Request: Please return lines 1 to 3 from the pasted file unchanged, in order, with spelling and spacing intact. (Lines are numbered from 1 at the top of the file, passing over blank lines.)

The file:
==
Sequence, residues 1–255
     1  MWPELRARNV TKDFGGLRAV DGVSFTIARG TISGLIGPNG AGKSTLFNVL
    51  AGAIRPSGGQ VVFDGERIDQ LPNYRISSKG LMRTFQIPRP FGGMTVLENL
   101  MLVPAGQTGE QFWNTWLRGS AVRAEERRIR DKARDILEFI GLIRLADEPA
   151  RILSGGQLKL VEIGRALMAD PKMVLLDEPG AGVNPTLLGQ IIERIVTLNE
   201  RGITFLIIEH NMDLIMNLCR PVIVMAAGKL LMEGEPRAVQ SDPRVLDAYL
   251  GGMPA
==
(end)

Sequence, residues 1–255
     1  MWPELRARNV TKDFGGLRAV DGVSFTIARG TISGLIGPNG AGKSTLFNVL
    51  AGAIRPSGGQ VVFDGERIDQ LPNYRISSKG LMRTFQIPRP FGGMTVLENL